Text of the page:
• I had problems with the battery I intended to use for the PV power, and 
  • I was offered a large amount of polycarbonate, aluminium and two large radiators, an offer so good, I had to accept it. I also had a good collection of OSB and timber, enough to make an entire sunbox without buying any materials other than plumbing connections.
  • I considered my research priorities, and the general thrust of these are to prove the efficacy of a black collector in a polycarbonate sunbox. With only 4 sqm of roof to choose from, there is only space for ONE more device - had to be a Sunbox.
If I was starting this house again, with the knowledge I have now, I have no hesitation in saying that I would use PVT panels in association with the borehole and heat pump - instead of the existing array. But these were not available or known to me in 2009.


Tuesday, January 8, 2013

Aluminium eaves detail

7 Jan 2013: Here are some more aluminium strips, cut and shaped to form the eaves detail. Nearly finished.

I have supplies of the 0.7mm aluminium left over from the roofing. This is ductile enough to cut and shape nicely.

Nearly finished. The eaves sheets have been pushed under the roof sheets, and there are metal tabs under to which they are finally riveted. Then bend them straight. This detail doesn't look quite right, it needs pushing in a bit on the left! Main thing - it keeps the rain out perfectly!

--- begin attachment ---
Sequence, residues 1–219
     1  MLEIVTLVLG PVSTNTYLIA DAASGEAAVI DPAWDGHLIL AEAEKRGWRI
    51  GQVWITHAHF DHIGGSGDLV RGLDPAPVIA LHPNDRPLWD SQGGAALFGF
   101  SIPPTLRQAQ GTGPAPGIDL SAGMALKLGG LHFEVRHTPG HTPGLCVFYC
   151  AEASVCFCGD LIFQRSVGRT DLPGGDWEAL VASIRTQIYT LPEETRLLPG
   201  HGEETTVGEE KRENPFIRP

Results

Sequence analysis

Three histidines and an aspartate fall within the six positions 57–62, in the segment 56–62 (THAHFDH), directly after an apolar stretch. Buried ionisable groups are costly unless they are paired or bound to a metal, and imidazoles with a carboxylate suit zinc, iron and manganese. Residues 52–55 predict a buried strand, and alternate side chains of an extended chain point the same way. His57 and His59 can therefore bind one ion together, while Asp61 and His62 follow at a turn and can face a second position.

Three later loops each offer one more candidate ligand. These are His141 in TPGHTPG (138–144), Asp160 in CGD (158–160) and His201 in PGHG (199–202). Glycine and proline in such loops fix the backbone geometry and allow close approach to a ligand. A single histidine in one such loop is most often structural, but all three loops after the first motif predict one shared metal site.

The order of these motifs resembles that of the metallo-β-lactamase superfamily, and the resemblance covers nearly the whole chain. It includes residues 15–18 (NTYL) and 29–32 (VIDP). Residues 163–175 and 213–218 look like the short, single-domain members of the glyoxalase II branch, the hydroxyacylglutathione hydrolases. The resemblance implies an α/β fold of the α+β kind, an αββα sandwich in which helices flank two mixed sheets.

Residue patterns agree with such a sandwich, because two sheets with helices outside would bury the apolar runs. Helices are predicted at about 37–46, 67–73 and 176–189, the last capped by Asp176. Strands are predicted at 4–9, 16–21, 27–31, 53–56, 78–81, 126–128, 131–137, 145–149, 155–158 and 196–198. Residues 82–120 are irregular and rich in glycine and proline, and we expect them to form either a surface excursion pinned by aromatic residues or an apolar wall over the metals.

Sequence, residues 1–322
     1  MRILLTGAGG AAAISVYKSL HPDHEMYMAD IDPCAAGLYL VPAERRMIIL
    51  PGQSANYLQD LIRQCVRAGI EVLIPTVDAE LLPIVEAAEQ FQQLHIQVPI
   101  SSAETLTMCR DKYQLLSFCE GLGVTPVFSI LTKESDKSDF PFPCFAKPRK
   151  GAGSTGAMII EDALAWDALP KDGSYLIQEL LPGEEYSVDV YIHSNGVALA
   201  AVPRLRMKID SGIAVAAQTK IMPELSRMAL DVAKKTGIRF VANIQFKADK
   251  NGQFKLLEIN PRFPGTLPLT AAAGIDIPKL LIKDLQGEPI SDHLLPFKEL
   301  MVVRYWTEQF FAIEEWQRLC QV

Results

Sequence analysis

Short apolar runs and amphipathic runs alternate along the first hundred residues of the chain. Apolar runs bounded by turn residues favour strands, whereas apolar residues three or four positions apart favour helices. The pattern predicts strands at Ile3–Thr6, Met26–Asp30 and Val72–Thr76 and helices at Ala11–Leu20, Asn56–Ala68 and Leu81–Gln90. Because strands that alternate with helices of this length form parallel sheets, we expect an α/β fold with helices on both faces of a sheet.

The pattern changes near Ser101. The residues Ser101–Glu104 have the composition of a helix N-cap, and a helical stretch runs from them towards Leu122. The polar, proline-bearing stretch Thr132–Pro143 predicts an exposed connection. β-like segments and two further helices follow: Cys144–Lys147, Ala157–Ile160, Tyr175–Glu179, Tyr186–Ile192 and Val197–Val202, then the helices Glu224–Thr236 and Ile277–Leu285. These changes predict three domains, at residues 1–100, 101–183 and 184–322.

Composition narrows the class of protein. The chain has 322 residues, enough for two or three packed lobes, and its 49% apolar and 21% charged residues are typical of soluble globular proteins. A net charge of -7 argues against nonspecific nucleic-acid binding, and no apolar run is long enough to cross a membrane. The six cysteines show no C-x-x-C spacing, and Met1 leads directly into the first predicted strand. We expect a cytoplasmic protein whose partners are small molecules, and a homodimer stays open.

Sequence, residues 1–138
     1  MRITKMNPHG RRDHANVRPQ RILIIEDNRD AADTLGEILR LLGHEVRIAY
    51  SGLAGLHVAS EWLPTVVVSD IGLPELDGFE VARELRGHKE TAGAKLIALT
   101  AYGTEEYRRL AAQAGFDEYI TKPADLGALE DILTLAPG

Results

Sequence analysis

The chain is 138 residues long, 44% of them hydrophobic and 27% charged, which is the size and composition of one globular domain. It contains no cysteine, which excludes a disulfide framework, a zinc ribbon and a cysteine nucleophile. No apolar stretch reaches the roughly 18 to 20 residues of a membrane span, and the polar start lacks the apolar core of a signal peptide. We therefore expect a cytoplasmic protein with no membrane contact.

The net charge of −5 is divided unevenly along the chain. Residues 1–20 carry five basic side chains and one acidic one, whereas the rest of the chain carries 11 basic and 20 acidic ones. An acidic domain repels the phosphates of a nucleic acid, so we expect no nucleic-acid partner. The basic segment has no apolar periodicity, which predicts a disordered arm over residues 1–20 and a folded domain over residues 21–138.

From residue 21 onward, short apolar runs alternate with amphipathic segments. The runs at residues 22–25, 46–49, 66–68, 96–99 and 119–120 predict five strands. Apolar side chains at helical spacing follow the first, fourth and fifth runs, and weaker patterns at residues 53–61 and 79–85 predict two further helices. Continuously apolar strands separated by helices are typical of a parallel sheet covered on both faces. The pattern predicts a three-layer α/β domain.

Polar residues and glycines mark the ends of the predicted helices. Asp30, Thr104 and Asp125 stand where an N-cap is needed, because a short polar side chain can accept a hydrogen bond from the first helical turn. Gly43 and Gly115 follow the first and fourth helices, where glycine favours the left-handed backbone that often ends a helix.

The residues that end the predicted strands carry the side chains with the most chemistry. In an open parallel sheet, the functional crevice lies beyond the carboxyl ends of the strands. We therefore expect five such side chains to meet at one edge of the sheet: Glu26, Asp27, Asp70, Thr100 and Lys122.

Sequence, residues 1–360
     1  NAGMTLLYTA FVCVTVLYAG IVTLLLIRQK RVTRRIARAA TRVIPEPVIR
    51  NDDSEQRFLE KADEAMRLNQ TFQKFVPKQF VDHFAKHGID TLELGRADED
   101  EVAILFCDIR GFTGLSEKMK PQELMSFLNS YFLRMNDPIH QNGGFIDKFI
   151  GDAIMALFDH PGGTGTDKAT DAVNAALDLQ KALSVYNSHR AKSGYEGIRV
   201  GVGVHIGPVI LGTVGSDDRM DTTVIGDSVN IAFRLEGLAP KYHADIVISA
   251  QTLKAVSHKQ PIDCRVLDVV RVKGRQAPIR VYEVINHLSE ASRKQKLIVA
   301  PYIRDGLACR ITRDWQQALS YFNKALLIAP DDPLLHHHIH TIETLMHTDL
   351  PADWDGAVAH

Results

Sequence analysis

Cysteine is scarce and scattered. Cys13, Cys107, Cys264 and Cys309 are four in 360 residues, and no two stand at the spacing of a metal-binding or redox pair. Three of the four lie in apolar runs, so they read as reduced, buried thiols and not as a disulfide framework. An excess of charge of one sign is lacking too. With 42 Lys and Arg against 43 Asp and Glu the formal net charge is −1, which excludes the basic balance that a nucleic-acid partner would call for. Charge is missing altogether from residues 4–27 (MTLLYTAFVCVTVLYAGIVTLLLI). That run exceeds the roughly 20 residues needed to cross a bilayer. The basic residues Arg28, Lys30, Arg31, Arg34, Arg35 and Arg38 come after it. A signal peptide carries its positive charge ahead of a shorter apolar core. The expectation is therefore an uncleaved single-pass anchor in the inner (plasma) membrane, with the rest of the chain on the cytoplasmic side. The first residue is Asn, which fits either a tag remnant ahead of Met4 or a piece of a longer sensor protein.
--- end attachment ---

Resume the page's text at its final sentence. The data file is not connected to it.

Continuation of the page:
Saturday, January 5, 2013

Winter Sunbox capture

5 Jan 2013: The Sunbox annual solar capture figure has been lower recently, due to two things. 1. the months of the spring when I had a leak in the system and it was off for a month, and 2. the rainy grey weather that we have suffered from April 2012 to the present day. I sometime regret having changed the profile of the original sunbox from vertical to sloping. The later decision to use ETFE means that I might have been just as well to stay with the vertical fronts, and because there is better solar radiation on the black panels inside, it could have stayed as the two boxes instead of one.
     The peak annual capture of the sunbox system was 3,090 kWh at the start of March 2012 and the worst was 2,419 kWh at the start of December 2012. It is climbing steadily now, and here are some figures that cheer me up. I also have a far more accurate and reliable meter, the Sontex Supercal 440.

[Updated 13 January]
I have been sampling a winter period from 1 December to 13 January in the last three years:
  • 1 Dec 2010 - 12 Jan 2011: 131 kWh
    (with the vertically fronted 6mm single skin Sunbox)
  • 1 Dec 2011 - 12 Jan 2012: 171 kWh
    (with the sloping fronted triple skin Sunbox)
  • 1 Dec 2012 - 12 Jan 2013: 205 kWh